Welcome to pacopy’s documentation!¶

pacopy.
natural
(problem, u0, lambda0, callback, lambda_stepsize0=0.1, lambda_stepsize_max=inf, lambda_stepsize_aggressiveness=2, max_newton_steps=5, newton_tol=1e12, max_steps=inf, verbose=True, use_first_order_predictor=True, milestones=None)¶ Natural parameter continuation.
The most naive parameter continuation. This simply solves \(F(u, \lambda_0)=0\) using Newton’s method, then changes \(\lambda\) slightly and solves again using the previous solution as an initial guess. Cannot handle turning points.
Parameters:  problem – Instance of the problem class
 u0 – Initial guess
 lambda0 – Initial parameter value
 callback – Callback function
 lambda_stepsize0 (float) – Initial step size
 lambda_stepsize_aggressiveness (float) – The step size is adapted after each step
such that
max_newton_steps
is exhausted approximately. This parameter determines how aggressively the the step size is increased if too few Newton steps were used.  lambda_stepsize_max (float) – Maximum step size
 max_newton_steps (int) – Maxmimum number of Newton steps
 newton_tol (float) – Newton tolerance
 max_steps (int) – Maximum number of continuation steps
 verbose (bool) – Verbose output
 use_first_order_predictor (bool) – Once a solution has been found, one can use it to bootstrap the Newton process for the next iteration (order 0). Another possibility is to use \(u  s J^{1}(u, \lambda) \frac{df}{d\lambda}\), a firstorder approximation.
 milestones (Optional[Iterable[float]]) – Don’t step over these values.

pacopy.
euler_newton
(problem, u0, lmbda0, callback, max_steps=inf, verbose=True, newton_tol=1e12, max_newton_steps=5, predictor_variant='tangent', corrector_variant='tangent', stepsize0=0.5, stepsize_max=inf, stepsize_aggressiveness=2, cos_alpha_min=0.9, theta0=1.0, adaptive_theta=False, converge_onto_zero_eigenvalue=False)¶ Pseudoarclength continuation.
This implementation takes some inspiration from LOCA in that no single bordered system is solved, but the solution is constructed from two solves of the plain Jacobian system. This has several advantages, one being that preconditioners for the Jacobian can be reused.
Parameters:  problem – Instance of the problem class
 u0 – Initial guess
 lambda0 – Initial parameter value
 callback – Callback function
 max_steps (int) – Maximum number of continuation steps
 verbose (bool) – Verbose output
 newton_tol (float) – Newton tolerance
 max_newton_steps (int) – Maxmimum number of Newton steps
 predictor_variant (string) –
"tangent"
or"secant"
 corrector_variant (string) –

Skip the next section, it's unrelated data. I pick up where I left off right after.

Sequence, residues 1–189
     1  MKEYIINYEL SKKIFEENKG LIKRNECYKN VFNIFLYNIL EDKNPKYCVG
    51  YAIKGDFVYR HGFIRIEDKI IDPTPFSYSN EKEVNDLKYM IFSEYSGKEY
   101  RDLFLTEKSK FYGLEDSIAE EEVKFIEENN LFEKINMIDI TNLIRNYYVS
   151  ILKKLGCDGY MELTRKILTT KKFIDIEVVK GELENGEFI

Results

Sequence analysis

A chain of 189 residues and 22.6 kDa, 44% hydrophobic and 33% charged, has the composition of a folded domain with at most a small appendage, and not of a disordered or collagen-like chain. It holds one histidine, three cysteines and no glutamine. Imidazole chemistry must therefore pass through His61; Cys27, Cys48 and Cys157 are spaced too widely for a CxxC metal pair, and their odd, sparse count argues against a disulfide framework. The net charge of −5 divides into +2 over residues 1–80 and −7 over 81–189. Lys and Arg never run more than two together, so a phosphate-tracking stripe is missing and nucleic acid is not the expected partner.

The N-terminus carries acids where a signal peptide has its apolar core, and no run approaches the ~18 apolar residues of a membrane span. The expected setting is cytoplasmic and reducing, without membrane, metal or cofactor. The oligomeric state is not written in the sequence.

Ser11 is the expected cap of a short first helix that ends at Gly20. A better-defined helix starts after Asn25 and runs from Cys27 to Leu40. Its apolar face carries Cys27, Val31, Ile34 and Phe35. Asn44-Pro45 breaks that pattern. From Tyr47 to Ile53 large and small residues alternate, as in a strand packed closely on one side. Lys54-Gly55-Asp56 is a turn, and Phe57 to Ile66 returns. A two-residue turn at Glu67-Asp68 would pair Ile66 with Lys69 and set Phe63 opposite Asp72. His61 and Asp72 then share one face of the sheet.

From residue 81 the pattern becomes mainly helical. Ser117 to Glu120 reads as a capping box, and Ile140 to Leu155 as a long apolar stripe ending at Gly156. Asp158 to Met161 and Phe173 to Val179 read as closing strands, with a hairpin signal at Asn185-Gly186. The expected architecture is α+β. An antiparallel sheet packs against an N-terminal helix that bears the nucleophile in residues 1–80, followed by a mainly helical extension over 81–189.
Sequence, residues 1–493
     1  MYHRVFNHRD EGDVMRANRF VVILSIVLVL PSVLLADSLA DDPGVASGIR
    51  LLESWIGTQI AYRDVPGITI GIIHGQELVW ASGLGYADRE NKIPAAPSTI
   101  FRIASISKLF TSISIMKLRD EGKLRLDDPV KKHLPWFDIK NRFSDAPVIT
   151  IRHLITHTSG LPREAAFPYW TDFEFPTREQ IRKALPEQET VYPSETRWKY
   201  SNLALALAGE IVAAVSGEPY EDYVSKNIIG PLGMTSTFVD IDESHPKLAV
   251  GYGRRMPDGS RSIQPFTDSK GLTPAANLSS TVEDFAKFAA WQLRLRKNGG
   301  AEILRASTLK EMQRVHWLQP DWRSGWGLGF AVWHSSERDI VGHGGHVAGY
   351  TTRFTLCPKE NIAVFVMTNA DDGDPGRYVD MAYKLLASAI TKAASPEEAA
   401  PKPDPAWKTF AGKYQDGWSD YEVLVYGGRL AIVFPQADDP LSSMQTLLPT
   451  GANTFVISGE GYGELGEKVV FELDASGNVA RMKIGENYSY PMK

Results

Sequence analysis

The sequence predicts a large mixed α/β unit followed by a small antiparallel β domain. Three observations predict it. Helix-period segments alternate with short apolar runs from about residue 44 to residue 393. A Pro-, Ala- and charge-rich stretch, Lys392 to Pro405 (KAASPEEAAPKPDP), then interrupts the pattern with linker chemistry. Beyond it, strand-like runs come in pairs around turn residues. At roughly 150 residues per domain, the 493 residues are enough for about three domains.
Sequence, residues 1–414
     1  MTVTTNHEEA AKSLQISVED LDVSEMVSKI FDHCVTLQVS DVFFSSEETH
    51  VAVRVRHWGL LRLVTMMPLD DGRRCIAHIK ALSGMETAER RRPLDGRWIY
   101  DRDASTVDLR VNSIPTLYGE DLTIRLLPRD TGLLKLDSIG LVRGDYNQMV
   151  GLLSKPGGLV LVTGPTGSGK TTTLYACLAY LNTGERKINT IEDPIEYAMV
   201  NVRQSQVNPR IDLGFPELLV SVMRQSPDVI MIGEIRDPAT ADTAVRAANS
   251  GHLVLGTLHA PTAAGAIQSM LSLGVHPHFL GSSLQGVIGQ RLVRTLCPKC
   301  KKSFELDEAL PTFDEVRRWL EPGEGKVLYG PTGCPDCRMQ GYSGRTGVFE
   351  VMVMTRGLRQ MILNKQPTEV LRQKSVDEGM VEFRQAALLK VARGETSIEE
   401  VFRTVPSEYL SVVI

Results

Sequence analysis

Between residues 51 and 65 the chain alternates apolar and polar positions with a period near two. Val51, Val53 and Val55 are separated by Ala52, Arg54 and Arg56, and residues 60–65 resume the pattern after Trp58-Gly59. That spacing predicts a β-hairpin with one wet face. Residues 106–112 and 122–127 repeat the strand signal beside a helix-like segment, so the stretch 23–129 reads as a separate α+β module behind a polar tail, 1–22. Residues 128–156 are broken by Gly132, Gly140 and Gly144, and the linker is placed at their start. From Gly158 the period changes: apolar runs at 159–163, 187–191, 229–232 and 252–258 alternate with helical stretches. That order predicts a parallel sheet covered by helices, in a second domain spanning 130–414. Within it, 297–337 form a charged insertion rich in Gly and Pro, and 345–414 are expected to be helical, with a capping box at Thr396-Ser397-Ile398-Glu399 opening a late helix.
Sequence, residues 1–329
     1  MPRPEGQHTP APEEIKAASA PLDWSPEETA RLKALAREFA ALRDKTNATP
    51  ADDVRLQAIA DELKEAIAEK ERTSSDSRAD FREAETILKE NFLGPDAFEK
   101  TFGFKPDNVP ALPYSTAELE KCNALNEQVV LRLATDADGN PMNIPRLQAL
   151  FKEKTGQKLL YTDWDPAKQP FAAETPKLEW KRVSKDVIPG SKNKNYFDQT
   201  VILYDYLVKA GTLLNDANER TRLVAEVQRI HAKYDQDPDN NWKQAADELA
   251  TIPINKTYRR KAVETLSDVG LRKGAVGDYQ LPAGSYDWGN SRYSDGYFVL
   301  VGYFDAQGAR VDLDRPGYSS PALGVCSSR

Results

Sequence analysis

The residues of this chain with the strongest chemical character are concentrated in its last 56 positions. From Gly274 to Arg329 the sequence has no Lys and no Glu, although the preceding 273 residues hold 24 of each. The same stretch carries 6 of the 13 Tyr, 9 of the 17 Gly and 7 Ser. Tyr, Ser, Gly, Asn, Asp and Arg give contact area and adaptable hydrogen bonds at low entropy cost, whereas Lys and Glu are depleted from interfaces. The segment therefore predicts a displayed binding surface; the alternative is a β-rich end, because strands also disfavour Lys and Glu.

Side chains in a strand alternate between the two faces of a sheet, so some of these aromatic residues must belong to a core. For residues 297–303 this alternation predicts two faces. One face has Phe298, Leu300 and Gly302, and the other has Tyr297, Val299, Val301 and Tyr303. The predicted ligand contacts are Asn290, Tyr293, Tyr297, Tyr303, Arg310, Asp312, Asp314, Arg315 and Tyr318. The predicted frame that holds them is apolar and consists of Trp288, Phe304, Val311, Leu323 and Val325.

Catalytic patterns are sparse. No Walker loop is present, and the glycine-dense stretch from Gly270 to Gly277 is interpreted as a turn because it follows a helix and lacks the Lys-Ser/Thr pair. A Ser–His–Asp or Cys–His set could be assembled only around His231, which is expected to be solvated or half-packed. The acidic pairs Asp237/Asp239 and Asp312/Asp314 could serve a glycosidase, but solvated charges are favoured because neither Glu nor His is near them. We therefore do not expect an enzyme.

"tangent"
or"secant"
 stepsize0 (float) – Initial step size
 stepsize_max (float) – Maximum step size
 stepsize_aggressiveness (float) – The step size is adapted after each step
such that
max_newton_steps
is exhausted approximately. This parameter determines how aggressively the the step size is increased if too few Newton steps were used.  cos_alpha_min (float) –
To make a plotted parametersolution norm curve look smooth, subsequent predictors should have a small angle between them. The correct way to do this would be to look at
\[\begin{split}\cos(\alpha) = v_i^T v_{i+1} / \v_i\ / \v_{i+1}\ \\ v_i := (\u_i^p\  \u_i\, \lambda_i^p  \lambda_i).\end{split}\]Instead of taking the solution and predictor norms, the entire vectors are taken,
\[w_i := (u_i^p  u_i, \lambda_i^p  \lambda_i),\]with the appropriate inner product in the product space \(U\times \mathbb{R}\). This results in the expression
\[\cos(\alpha) = \frac{ \langle \frac{du_0}{ds}, \frac{du}{ds}\rangle + \frac{d\lambda_0}{ds} \frac{d\lambda}{ds}}{ \sqrt{\\frac{du_0}{ds}\^2 + \frac{d\lambda_0}{ds}^2} \sqrt{\\frac{du}{ds}\^2 + \frac{d\lambda}{ds}^2}}\]When using the tangent predictor, this can be written as
\[\cos(\alpha) = \frac{\langle \frac{du}{d\lambda}, \frac{du_0}{d\lambda}\rangle + 1}{\sqrt{\\frac{du}{d\lambda}\^2 + 1} \sqrt{\\frac{du_0}{d\lambda}\^2 + 1} }\]When removing the \(+1\) s, this is the expression that is used in LOCA (equation (2.25) in the LOCA book).
 theta0 (float) –
The arclength equation is
\[\left\\frac{du}{ds}\right\^2 + \left(\frac{d\lambda}{ds}\right)^2 = 1.\]Quoting from LOCA: It is numerically advantageous for the relative magnitudes of the parameter and solution updates to be of similar order. In particular, the advantage of using arclength parameterization can be lost if the solution contribution to the arc length equation becomes very small. In this algorithm, a single scaling factor \(\theta\) is used for the solution contribution in order to provide some control over the relative contributions of \(\lambda\) and \(u\). The modified arc length equation is then
\[\left\\frac{du}{ds}\right\^2 + \theta^2 \left(\frac{d\lambda}{ds}\right)^2 = 1.\]